This is another reboot of the ‘Superman’ series telling the now very familiar story of how Kal-El was sent to Earth and became known as Superman. Henry Cavill plays the part as an invulnerable but rather joyless super-hero in a joyless film. Zack Snyder directs a screenplay by David S. Goyer. Snyder who made his mark with the film ‘300’ can manipulate images but fails to bring them to life.
Rating: +1 (-4 to +4) or 6/10.
Superman comes to the screen once more in yet another telling of his origin story, but this time the film is more detailed and violent. The new version is darker in colour-palette tone and darker in writing tone. One expects this tone for a ‘Batman’ film. Batman is sort of Dracula as crime-fighter. Superman is usually lighter in emotional feeling on the small and large screen. While Batman broods about how to stop criminals like the one who killed his parents, Superman on the other hand is deciding, ‘Golly, maybe I CAN collect all the nuclear weapons and bring peace to the world.’ Notable exceptions to the general light tone of Superman were the Max Fleisher Superman cartoons of which several were rather bleak and noir-ish. Since the days of Fleischer I do not remember a Superman dramatization so downbeat.
‘Superman’ films used to be made on the cheap. See some of the Kirk Alyn serials or the George Reeves television episodes. Then after ‘Star Wars’ for a while there was a big push to improve the special effects. These days the producers of comic book films still throw their money at special effects but now also at art direction. Here this made ‘Man Of Steel’ a beautiful film to look at but watching is a rather empty experience. The new Superman is played by Henry Cavill, who has a flinty look, but he is not an expressive actor and he does not make for an engaging Superman. He has nowhere near the personal appeal that Christopher Reeve had.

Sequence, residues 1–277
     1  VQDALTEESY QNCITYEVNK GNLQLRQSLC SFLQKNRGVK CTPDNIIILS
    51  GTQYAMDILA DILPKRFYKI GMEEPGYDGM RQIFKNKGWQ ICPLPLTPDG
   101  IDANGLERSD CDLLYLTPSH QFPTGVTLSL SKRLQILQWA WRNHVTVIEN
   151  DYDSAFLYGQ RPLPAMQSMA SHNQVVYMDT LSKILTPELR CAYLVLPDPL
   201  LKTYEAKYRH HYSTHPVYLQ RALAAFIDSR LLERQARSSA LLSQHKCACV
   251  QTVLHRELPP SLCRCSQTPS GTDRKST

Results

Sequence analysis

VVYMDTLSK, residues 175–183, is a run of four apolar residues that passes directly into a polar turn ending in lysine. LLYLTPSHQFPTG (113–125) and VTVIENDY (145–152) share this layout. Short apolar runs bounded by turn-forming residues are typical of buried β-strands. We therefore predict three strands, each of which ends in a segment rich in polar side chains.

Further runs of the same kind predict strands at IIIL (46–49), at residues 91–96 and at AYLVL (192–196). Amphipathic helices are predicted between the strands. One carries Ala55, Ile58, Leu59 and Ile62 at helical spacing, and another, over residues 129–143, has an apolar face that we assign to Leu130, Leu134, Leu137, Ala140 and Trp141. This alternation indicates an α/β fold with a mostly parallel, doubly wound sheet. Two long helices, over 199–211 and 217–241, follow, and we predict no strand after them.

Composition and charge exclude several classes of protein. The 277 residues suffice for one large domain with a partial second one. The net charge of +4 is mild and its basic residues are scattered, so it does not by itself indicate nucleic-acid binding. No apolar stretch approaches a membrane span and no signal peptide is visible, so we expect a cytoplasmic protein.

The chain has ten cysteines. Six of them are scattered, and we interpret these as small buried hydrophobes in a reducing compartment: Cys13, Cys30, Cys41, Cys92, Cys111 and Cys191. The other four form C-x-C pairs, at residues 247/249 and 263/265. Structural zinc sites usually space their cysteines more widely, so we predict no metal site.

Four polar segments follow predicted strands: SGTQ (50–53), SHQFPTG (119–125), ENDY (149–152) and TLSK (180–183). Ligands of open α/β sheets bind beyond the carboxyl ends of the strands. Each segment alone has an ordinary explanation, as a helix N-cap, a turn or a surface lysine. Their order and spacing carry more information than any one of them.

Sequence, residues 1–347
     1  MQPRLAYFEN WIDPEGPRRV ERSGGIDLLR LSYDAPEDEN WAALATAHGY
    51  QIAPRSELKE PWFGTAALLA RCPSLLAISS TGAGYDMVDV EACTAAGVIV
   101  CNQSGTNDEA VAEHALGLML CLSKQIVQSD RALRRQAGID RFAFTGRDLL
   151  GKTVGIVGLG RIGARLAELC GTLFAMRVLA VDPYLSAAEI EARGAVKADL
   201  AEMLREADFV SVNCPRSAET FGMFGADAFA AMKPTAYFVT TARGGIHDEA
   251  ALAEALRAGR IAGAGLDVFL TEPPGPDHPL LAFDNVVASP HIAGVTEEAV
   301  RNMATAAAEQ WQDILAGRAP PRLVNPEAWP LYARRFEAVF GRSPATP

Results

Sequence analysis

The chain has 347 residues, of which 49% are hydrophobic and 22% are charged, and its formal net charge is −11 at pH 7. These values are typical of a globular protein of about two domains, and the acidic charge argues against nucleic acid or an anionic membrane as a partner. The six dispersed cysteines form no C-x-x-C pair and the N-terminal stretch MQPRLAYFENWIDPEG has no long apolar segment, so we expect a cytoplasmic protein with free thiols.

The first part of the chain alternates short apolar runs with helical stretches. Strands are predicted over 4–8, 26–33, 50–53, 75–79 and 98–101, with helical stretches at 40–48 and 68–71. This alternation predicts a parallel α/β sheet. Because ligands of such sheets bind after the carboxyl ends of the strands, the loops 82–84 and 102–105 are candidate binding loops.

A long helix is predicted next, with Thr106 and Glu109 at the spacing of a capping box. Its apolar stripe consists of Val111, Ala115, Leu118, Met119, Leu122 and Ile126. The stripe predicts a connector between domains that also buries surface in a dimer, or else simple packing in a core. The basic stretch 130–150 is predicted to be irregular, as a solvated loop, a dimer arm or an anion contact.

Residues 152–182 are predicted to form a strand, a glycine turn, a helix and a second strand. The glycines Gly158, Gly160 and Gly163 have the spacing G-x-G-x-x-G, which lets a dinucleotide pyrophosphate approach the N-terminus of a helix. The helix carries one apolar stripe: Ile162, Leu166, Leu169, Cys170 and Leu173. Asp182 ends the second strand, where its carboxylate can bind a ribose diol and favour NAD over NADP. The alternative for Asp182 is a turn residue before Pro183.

His fight comes down to brute super-force. The writer has given him a foe who has enough brute super-force to give Superman trouble but enough less than our hero so in the end Superman can triumph. The Man of Steel can just hit a little harder than the bad guys. It would be more interesting if he were out-thinking them.
There are some liberties taken with the original stories. For example, Lois Lane knows Superman before he was Superman. She, in fact, names him Superman. Another change is that his caped suit is now more like body armor with a shape of its own. Superman does something I do not remember him ever doing in a film. Here he can fly with a vertical posture. We usually see him fly horizontally with his arms forward like he is diving into water.
When he flies vertically it makes it obvious that his flying is not just him jumping with the energy coming from his lower body. His flight ability just seems instead to be magical. The revisions and original touches are enough so that the story is not identical, but it is still very similar.
‘Man Of Steel’ looks nice but is a rather cold experience in human terms not unlike director Zach Snyder’s previous films ‘300’, ‘Watchmen’ and the off-kilter animation film with the long name: ‘Legend Of The Guardians: The Owls Of Ga’Hoole’. The film has more than its share of familiar actors with Russell Crowe’s talent squandered on the role of Jor-El, Superman’s father. Amy Adams is reasonably cast as Lois Lane. Kevin Costner plays Superman’s foster father, which is again overkill. Diane Lane is Martha Kent, the foster mother. Chief villain General Zod is played by Michael Shannon.
‘Man Of Steel’ is at times a feast for the eyes but still comes off as a film without a soul or even a dramatic centre. I rate it a +1 on the -4 to +4 scale or 6/10.
Mark R. Leeper
(c) Mark R. Leeper 2013